Many scientists are currently seeing a decrease in seismic noise, due to the reduction in human activities since the implementation of restrictive measures to try to stop the spread of the coronavirus. They said it could allow sensors to spot small earthquakes and improve monitoring of volcanic activity.
“Noise reduction of this magnitude is usually only felt briefly around Christmas”
Like avalanches or volcanic eruptions, human activities (transport, travel, industry, etc.) generate seismic waves that pass through the earth’s crust. Although the effects of individual sources may be small, when these are combined, they produce background noise which reduces the ability of seismologists to detect other signals occurring at the same frequency. Recently, data from a seismometerRoyal Observatory of Belgium have shown that the measures taken to halt the spread of Covid-19 at Brussels have reduced the seismic noise of anthropic origin.
The measures included the closure of schools, restaurants and other public places from March 14, as well as the prohibition of non-essential travel from March 18. According to Thomas Lecocq, seismologist atRoyal Observatory of Belgium, ” noise reduction of this magnitude is usually only felt briefly around Christmas “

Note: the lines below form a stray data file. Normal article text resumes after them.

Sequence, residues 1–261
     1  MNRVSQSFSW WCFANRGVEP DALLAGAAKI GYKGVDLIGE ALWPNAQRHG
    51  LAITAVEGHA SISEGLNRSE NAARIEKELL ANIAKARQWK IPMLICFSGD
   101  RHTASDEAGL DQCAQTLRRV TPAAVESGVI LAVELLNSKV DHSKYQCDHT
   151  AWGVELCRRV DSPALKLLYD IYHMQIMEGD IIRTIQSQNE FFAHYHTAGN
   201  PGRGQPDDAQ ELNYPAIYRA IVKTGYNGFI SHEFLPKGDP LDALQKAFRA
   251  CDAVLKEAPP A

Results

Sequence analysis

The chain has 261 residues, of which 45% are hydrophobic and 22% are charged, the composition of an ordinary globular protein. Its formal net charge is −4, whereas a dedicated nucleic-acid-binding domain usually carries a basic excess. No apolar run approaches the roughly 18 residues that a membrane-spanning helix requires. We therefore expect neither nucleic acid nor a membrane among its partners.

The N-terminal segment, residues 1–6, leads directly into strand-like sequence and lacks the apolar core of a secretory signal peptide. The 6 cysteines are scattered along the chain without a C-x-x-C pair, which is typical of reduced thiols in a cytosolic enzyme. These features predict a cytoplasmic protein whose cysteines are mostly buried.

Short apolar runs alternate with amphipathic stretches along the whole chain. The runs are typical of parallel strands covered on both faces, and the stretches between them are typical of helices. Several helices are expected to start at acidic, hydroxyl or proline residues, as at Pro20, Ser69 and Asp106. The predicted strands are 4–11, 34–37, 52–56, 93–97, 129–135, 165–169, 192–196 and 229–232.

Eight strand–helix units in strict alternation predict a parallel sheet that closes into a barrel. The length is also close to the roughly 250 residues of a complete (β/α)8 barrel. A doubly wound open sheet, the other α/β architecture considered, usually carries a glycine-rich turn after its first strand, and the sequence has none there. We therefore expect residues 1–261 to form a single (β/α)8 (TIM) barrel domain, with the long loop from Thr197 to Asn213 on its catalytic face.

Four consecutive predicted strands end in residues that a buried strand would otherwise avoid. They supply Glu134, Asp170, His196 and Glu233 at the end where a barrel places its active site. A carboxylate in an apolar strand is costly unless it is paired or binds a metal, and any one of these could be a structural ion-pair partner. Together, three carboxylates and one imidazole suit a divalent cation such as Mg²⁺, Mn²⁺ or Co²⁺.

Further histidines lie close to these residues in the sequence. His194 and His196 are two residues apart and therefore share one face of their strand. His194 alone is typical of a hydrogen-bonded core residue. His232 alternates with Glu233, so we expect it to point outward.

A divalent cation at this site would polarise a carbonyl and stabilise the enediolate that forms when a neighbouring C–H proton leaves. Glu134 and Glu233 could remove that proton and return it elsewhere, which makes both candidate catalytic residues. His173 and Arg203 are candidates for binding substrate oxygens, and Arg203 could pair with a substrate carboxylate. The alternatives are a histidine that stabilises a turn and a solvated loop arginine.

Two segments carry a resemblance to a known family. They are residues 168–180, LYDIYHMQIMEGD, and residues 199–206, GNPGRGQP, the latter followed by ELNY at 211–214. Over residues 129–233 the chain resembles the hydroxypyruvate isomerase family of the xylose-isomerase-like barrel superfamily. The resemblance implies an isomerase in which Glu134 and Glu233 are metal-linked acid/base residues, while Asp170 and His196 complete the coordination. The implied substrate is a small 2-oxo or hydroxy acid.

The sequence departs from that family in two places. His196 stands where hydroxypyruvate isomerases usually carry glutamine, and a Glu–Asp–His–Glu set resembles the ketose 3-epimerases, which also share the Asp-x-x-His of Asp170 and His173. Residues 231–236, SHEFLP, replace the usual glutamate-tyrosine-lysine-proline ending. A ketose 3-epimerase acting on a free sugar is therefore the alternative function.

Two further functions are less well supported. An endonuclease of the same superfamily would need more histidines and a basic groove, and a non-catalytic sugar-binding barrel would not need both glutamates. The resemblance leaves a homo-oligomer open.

The current decrease has the effect of increasing the sensitivity of the observatory equipment, improving its ability to detect waves in the same high frequency range as noise. Result: the installation’s surface seismometer is now almost as sensitive to light earthquakes as a sensor installed at the bottom of a 100-meter borehole.
More precise seismic measurements
If these restrictions and containment measures continue in the coming months, sensors installed in cities around the world could be more effective in detecting aftershocks, according to Andy Frassetto, seismologist atIncorporated Research Institutions for Seismology of Washington DC. ” You will get a signal with less noise at the top, which will allow you to extract a little more information for this type of event.. “
The reduction in seismic noise could also benefit scientists who use natural background vibrations, such as those caused by the crushing of underwater ocean waves, to probe the Earth’s crust. Since volcanic activity and variations in groundwater affect the speed at which these natural waves travel, seismologists could study these events by monitoring the time it takes for a wave to reach a given sensor.
Although a similar decrease was also recorded at Los Angeles, not all seismic monitoring stations will see an effect as marked as that of Brussels. A large part of them are in fact located in isolated regions, in order to limit seismic noise of human origin.